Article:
BIO Partners with NIH and NSF for Fourth “Innovation Zone” Exhibit
Washington, D.C. (May 04, 2017) – The Biotechnology Innovation Organization (BIO), the National Science Foundation (NSF) and the National Institutes of Health (NIH) today announced an agreement to feature Small Business Innovation Research (SBIR)-funded early-stage biomedical companies in an Innovation Zone at the 2017 BIO International Convention. The Innovation Zone companies, focused on drug discovery, diagnostics and other therapeutic platform technologies, will have dedicated exhibit space and participate in BIO’s One-on-One Partnering™ system. Select companies will make 15-minute company presentations in the BIO Business Forum.
“Early stage R&D has proven to be the driving force in many breakthrough technologies under development today. Any one or more of the companies represented in our ‘Innovation Zone’ could produce the next breakthrough that could change the lives of people desperate for a cure or treatment,” said BIO’s President and CEO, Jim Greenwood. “This year, we will have 80 SBIR-funded companies join us at BIO 2017 and we couldn’t be happier about showcasing emerging biotech in this setting. As SBIR recipients, the ‘Innovation Zone’ companies have demonstrated strong potential for commercializing innovative and transformational technology that could change the medical health landscape.”
The SBIR program provides U.S. federal funding to small businesses engaged in research and development with the potential for commercialization. Companies are rigorously vetted through the NIH and NSF SBIR review process prior to receiving the funding.
“NIH strongly believes in supporting innovative and breakthrough life science technology development through the SBIR program. The BIO International Convention continues to be an ideal place to highlight our companies. The SBIR companies showcased in this year's ‘Innovation Zone’ show some of the most promising technologies in our portfolio that we hope will achieve commercial success and significantly advance and improve human health. In order to achieve these goals, these companies require critical partnerships and capital. I encourage attendees to meet with our companies and explore the featured exhibitors and presentations," said Dr. Matthew Portnoy, NIH SBIR/STTR program coordinator.
“Breakthrough biomedical innovations often come from inventive small companies that develop disruptive new technologies to address unmet healthcare needs,” said Jesus Soriano, a program director for NSF's SBIR/STTR program. “This year, 20 small businesses with grants from NSF’s SBIR/STTR program will be available at the BIO International Convention to talk about their cutting-edge technologies, which will span a wide range of topics from new therapeutic platforms to diagnostic methods. BIO offers these innovative American small businesses the opportunity to showcase their emerging technologies.”
The majority of participating companies in the BIO Innovation Zone have received SBIR Phase II grants, which provide up to $1 million dollars or more in funding to engage in R&D that has the potential for commercialization.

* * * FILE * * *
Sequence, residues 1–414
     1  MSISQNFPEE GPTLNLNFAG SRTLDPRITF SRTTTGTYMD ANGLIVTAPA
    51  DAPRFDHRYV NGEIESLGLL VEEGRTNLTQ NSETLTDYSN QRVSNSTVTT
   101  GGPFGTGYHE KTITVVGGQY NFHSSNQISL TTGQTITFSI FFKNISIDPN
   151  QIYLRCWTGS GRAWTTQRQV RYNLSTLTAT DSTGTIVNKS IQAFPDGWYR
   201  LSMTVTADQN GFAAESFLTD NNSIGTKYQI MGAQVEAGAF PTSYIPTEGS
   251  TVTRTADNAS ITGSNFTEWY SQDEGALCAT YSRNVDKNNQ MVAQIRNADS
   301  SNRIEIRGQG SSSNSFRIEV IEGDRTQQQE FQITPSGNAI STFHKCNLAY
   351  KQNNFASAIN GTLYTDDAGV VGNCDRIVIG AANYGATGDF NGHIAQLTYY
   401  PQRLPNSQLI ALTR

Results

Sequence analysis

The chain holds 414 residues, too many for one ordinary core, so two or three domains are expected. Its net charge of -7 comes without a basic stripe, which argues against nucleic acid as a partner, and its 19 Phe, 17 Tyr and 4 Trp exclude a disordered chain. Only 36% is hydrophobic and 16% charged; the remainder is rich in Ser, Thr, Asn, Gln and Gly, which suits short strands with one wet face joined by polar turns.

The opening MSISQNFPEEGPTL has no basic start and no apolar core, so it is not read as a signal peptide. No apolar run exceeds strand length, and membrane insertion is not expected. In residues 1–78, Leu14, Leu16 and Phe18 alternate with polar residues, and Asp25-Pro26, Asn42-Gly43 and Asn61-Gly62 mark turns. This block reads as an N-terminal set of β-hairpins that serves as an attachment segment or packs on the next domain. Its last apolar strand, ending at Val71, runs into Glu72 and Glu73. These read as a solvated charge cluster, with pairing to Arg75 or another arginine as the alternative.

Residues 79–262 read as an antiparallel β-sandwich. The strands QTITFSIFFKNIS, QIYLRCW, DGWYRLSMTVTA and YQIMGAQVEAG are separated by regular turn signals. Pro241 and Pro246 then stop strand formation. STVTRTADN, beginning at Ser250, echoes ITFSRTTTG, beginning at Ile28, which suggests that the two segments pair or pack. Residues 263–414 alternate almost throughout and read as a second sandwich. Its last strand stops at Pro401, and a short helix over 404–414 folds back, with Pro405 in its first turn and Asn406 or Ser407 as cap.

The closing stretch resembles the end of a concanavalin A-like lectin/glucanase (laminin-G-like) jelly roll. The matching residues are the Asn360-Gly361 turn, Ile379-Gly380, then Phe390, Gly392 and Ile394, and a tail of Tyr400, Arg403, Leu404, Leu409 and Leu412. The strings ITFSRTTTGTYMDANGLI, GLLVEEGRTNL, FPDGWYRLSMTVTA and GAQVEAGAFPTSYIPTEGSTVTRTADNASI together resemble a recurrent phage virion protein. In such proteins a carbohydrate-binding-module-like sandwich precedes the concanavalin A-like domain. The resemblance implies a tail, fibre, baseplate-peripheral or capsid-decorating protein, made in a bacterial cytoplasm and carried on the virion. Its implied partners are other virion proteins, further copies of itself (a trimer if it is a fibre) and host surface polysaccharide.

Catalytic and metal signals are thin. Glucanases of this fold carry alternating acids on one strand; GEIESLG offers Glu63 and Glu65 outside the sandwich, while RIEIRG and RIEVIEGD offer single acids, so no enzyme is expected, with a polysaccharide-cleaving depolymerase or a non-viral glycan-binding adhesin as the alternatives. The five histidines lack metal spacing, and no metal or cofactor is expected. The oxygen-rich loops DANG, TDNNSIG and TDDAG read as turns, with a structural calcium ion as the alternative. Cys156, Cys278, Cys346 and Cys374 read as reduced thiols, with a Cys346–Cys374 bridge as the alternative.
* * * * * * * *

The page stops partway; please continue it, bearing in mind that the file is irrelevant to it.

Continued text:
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BIO is the world's largest trade association representing biotechnology companies, academic institutions, state biotechnology centers and related organizations across the United States and in more than 30 other nations. BIO members are involved in the research and development of innovative healthcare, agricultural, industrial and environmental biotechnology products. BIO also produces the BIO International Convention, the world’s largest gathering of the biotechnology industry, along with industry-leading investor and partnering meetings held around the world. BIOtechNOW is BIO's blog chronicling “innovations transforming our world” and the BIO Newsletter is the organization’s bi-weekly email newsletter. Subscribe to the BIO Newsletter.
About the National Institutes of Health Small Business Programs
The National Institutes of Health (NIH) Small Business Innovation Research (SBIR) and Small Business Technology Transfer (STTR) programs (https://sbir.nih.gov/) are one of the largest sources of early-stage capital for biomedical technology commercialization in the United States. In Fiscal Year 2016, these programs will invest more than 870 million dollars into health and life science companies that are creating innovative technologies that align with NIH’s mission to improve health and save lives.
About the National Science Foundation's Small Business Programs
At the National Science Foundation (NSF), Small Business Innovation Research/Small Business Technology Transfer (SBIR/STTR) is an approximately $170 million program that catalyzes the commercialization of high-risk technological innovations via research and development grants to small businesses and startups. NSF is an independent federal agency with a budget of about $7 billion that supports fundamental research and education across all fields of science and engineering.
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